Still, Carl’s question came around evening time. He once again made his loud exhortation about Trump but no one was there—no one but little ole’ me with a morphine drenched brain. I knew what this meant. Even as the awkward silence tried to scam me into believing he wouldn’t ask for a response, I knew deep down what was really coming, and I still found no answer surfacing to my lips.
“So, Larry, what do you think of our President?”
The question didn’t anger me as I thought it would. I thought about this man with one leg, who was as needy as I was. He wasn’t the president himself. Who knew why he voted for him? The experts say that some people had voted for Trump mainly because they felt disenfranchised. Others were tired of the corrupt status quo. While still others thought he may bring back more manufacturing jobs or be a genius at the economy.
“I don’t like him probably as much as you do,” I replied sheepishly.
“Oh, I see,” he replied with a tone of voice that felt like his spirit had suddenly sunk into his chest.
“But you know,” I interjected grasping for a bridge, “we all are different. Everybody sees things differently and it’s important that we don’t hold those differences against each other.” I wasn’t sure where that came from but it felt like at least one plank to the start of a bridge.
“Really? Now that is something I can work with,” he said with relief in his voice, “and I will say this. I don’t believe in anyone being hurt. I don’t care who you are or what it is. Whether it is a person, animal or leaf. No one should hurt any person or thing ever.”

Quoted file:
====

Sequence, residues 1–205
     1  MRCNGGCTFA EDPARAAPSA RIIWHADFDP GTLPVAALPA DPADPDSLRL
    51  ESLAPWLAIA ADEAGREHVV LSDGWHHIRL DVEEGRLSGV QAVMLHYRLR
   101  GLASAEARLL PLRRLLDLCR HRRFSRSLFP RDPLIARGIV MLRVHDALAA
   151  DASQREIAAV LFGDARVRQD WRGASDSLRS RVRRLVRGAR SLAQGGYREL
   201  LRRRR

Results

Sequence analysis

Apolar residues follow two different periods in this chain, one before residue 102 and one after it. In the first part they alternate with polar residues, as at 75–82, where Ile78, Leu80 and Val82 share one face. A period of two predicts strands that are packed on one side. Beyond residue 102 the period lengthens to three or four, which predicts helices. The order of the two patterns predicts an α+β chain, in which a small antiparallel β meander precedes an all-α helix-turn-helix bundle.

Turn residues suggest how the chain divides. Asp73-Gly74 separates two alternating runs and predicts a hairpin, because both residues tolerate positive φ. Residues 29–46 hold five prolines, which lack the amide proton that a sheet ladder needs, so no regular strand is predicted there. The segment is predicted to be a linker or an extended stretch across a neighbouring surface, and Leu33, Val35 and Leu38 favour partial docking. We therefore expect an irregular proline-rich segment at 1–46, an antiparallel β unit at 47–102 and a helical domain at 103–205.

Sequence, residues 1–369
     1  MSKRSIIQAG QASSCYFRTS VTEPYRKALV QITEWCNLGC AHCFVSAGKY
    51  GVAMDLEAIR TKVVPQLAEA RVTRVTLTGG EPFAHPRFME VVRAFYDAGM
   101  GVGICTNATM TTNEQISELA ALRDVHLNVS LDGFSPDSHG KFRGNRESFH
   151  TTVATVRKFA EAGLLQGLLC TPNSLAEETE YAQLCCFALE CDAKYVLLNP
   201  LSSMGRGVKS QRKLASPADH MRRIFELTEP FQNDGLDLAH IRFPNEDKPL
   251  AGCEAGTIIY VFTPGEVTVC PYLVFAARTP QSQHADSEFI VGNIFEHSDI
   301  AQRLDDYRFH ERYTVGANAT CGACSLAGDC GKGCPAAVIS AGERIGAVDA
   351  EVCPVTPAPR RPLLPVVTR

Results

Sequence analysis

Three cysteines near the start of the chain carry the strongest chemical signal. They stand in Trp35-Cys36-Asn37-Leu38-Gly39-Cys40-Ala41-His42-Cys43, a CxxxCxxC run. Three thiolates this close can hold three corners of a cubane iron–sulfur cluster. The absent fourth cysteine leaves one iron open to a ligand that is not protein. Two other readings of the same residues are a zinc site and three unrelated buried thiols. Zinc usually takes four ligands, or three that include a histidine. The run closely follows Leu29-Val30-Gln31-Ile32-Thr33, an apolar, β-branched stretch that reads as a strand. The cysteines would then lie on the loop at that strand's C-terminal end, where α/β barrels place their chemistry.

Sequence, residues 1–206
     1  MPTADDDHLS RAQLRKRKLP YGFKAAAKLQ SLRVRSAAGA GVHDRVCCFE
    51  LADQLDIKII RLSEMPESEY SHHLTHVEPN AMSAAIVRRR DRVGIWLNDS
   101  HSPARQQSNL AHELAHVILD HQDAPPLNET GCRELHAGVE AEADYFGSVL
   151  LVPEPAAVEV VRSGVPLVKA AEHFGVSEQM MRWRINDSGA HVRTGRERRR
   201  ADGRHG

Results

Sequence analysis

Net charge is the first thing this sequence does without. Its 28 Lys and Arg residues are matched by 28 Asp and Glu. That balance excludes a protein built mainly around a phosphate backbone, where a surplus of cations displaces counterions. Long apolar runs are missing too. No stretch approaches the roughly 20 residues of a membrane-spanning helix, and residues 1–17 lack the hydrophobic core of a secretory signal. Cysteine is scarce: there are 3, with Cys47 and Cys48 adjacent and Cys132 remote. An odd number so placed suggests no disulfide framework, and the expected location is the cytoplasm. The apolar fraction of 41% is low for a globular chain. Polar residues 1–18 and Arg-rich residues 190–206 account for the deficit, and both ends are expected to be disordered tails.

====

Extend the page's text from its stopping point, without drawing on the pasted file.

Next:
“Well, now I can work with that. I believe that too!”
“Very good!” Carl replied and then started to tell me his “good news” that his girlfriend had told him that they could now start seeing other people too. I didn’t have the heart to tell him that might not be so great news, but again, it is all a matter of perspective. He was choosing to see the positive.
Carl and I continued to having other conversations that made me smile. Politics never came up again. I think we have to be careful about getting into too much hate and negativity around this administration that we let it spill over into how we communicate and see other people—as if they are Trump (or on the other side Nancy Pelosi) themselves. I learned a lesson from my time in bed next to a Trump supporter. It was this: people don’t necessarily sign up for the whole package deal when they vote for someone. You don’t always know what you are truly going to get once the campaign is over. For example, it was clear Carl didn’t agree with anything the president was doing that would harm other people. Carl’s intention around emphasizing that could be debated, but you have to wonder why he emphasized that as his form of making a bridge. The bigger question is this though: Would I have gotten to know what Carl believed about his value of all life if I had become argumentative, hostile and defensive? I doubt it.
No matter what, we can’t become this nation of angry, divided people who hate each other. This is what our enemies want. There is a phrase that goes “divide and conquer”. If we let both of those happen, then our enemies against democracy win, and they are circling like vultures as we speak.